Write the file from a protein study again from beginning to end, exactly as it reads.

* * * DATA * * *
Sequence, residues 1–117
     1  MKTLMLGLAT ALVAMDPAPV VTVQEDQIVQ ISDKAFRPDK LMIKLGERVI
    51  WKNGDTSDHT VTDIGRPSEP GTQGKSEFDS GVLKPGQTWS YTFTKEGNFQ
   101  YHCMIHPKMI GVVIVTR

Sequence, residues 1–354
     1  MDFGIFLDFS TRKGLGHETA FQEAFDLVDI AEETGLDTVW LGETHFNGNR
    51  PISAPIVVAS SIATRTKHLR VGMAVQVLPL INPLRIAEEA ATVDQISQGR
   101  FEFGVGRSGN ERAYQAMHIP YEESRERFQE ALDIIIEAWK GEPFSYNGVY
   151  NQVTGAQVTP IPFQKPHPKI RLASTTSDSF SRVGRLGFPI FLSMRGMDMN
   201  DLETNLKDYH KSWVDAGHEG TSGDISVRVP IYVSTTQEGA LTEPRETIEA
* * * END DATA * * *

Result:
Sequence, residues 1–117
     1  MKTLMLGLAT ALVAMDPAPV VTVQEDQIVQ ISDKAFRPDK LMIKLGERVI
    51  WKNGDTSDHT VTDIGRPSEP GTQGKSEFDS GVLKPGQTWS YTFTKEGNFQ
   101  YHCMIHPKMI GVVIVTR

Sequence, residues 1–354
     1  MDFGIFLDFS TRKGLGHETA FQEAFDLVDI AEETGLDTVW LGETHFNGNR
    51  PISAPIVVAS SIATRTKHLR VGMAVQVLPL INPLRIAEEA ATVDQISQGR
   101  FEFGVGRSGN ERAYQAMHIP YEESRERFQE ALDIIIEAWK GEPFSYNGVY
   151  NQVTGAQVTP IPFQKPHPKI RLASTTSDSF SRVGRLGFPI FLSMRGMDMN
   201  DLETNLKDYH KSWVDAGHEG TSGDISVRVP IYVSTTQEGA LTEPRETIEA